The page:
There’s no stopping Eagan gymnast

Despite being born without part of her left foot, Katelyn McGowan has a daredevil streak

Katelyn McGowan (left) warms up before a recent Eagan gymnastics practice. Photo by Mike Shaughnessy

Katelyn McGowan (left) warms up before a recent Eagan gymnastics practice. Photo by Mike Shaughnessy

One day at a local gymnastics club, the coaches brought everyone together to talk about the girl with no toes on her left foot.

“They said, ‘This is Katelyn. Everyone look at her foot,’ ” said Mike McGowan, whose daughter was the subject of the meeting. “If you want to ask any questions, do it now. She’s been here doing everything all the other girls can do.”

With that, everyone – including Katelyn – went back to practice. Born without a portion of her left foot, she long ago accepted it as a fact of life.

But it’s a curiosity to others, especially when they find out that it didn’t prevent her from becoming an athlete. The Eagan High School junior tried multiple sports before settling on gymnastics and pole vault.

Choosing those two reveals a bit of a daredevil streak. When she was about 6 years old, Katelyn and her father went hiking in Interstate Park, on the Wisconsin side of the St. Croix River. Katelyn saw some people diving into the river from a cliff and asked her father if she could do it.

Cliff diving is against park rules, so the answer was no. But it didn’t surprise her father that she wanted to try it because Mike McGowan describes Katelyn as “totally, totally fearless.”

Katelyn is in her fifth season on the Eagan gymnastics team. She competes mostly on the junior varsity but has taken some varsity turns on the balance beam.

Katelyn McGowan, who was born without part of her left foot, is in her fifth season on the Eagan High School gymnastics team. Photo by Mike Shaughnessy

Katelyn McGowan, who was born without part of her left foot, is in her fifth season on the Eagan High School gymnastics team. Photo by Mike Shaughnessy

“My parents always put me in sports. They didn’t say I wouldn’t be able to do it,” she said at a recent gymnastics practice. “When I was younger I knew my foot was different, but it never really occurred to me to stop because I’d been able to do everything else in my life normally. Might as well keep going.”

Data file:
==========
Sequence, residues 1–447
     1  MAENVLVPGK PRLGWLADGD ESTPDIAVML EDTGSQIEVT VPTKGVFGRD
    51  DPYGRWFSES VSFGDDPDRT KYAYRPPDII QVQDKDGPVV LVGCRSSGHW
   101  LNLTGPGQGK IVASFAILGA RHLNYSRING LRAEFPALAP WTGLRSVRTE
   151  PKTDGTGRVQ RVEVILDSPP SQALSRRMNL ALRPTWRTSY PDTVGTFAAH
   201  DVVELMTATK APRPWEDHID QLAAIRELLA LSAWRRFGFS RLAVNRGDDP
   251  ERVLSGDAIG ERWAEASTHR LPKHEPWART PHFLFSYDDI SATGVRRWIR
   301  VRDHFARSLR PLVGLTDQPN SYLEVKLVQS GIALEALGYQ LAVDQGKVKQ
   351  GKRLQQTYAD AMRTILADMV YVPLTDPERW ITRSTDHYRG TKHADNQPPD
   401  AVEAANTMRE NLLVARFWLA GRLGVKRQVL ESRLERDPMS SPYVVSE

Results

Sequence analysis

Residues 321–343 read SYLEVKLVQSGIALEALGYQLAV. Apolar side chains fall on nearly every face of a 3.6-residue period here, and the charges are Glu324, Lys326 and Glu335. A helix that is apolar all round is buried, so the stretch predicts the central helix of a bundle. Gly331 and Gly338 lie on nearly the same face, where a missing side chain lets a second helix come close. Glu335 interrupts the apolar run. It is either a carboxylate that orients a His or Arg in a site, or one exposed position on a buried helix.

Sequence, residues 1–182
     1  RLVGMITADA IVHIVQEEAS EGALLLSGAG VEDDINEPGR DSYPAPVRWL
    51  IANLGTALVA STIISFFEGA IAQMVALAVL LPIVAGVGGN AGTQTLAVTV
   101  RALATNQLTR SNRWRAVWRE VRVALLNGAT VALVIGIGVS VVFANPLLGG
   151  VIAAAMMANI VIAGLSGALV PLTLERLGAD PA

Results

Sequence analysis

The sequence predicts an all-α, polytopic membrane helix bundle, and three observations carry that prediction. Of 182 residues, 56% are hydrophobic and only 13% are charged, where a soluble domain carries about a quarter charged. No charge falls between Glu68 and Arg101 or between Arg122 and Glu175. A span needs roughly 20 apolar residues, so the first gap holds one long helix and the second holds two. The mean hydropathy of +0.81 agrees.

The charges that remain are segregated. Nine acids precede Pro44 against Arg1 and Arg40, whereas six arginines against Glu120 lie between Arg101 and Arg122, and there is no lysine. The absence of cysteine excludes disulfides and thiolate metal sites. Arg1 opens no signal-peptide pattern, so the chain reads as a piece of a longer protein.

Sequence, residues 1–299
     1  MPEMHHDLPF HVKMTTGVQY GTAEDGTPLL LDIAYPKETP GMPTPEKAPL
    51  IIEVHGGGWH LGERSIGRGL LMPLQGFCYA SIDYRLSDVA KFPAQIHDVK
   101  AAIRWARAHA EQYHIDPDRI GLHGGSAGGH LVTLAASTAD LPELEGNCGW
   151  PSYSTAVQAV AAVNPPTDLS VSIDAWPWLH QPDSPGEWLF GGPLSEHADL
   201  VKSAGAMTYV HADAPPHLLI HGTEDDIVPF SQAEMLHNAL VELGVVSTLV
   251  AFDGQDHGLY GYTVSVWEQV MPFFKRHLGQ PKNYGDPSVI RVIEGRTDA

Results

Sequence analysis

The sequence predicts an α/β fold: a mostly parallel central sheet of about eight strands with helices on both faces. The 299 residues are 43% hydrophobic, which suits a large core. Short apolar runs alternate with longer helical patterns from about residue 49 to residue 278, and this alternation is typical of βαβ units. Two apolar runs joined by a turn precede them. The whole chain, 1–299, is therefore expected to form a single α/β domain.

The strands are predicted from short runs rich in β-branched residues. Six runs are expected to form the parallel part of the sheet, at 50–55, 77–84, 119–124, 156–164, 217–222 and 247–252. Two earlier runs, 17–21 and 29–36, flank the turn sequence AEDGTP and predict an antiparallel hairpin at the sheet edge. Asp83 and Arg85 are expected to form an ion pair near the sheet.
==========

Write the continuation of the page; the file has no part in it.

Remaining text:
She did youth soccer, basketball and softball and started taking gymnastics classes at age 4, first at Gleason’s in Eagan, later at Thompson Academy of Gymnastics South in Apple Valley.

She did not compete at the club level but by seventh grade was ready to give high school gymnastics a try and joined Eagan’s program.

Eagan coach Shelly Eklund had Katelyn make her debut on junior varsity balance beam, which might seem a strange choice for someone with a physical limitation that could affect her balance. Eklund recalls Joy McGowan, Katelyn’s mother, as not being particularly happy that her daughter’s first high school event was the beam.

“My mom brings it up all the time,” Katelyn said. “I was actually surprised it was my first event because the beam is a little harder.”

“I don’t think I was upset as much as I was surprised,” Joy McGowan said. “And I was probably nervous for her, a little apprehensive. But she did it, and she didn’t fall. I was very proud of her, as I have been all the way through.”

The McGowans say Katelyn’s doctors don’t know why she wasn’t born with a fully formed left foot. She still visits an orthopedist regularly, with the goal to make sure she can live her life with as few restrictions as possible. She’s had an operation intended to ensure that both legs remain the same length. Mike McGowan said Katelyn has grown faster than her doctors anticipated and now is the tallest gymnast on Eagan’s team.

“My mom said I was basically normal with everything. She said I was walking at the same time as anybody else,” Katelyn said.

“The memory I have that I knew I was different is, I was playing with a couple of my friends – I was 3 at the time – and they asked my dad what was wrong with my foot. He said, ‘Oh, she was just born different.’ All my friends were fine with it.”

Asked if she considers the foot a hindrance in any way, Katelyn said, smiling, “besides not being able to wear the latest fashion in shoes, nothing big, nothing major.”

Athletically, however, it certainly doesn’t help.

“I do pole vault, so it’s like sprinting,” she said. “It’s a little harder to sprint when I don’t have anything to push off of. It’s a little harder on beam because there’s less to hold on to. Other than that, it’s not a huge deal.

“I have had some coaches say I don’t run very fast. I don’t know if that’s because of my foot or because I’m just not a runner.”

Katelyn cleared 8 feet, 6 inches in the pole vault at the Section 3AA track and field meet in May. She’s hoping to vault 9 feet by early next season and possibly 9-6 by the next section meet. In gymnastics, she said she wants to be a regular varsity participant on beam and improve her skills in the other events.

Not as many people pay attention to her foot these days, Katelyn said. She has had some coaches tell her they’re happy to see her continuing to compete.

That’s a testament to Katelyn’s spirit, according to her mother.

“She has never let her foot keep her from trying anything she wanted to try,” Joy McGowan said. “She has a very good attitude about that. She’s never allowed it to be a negative.”

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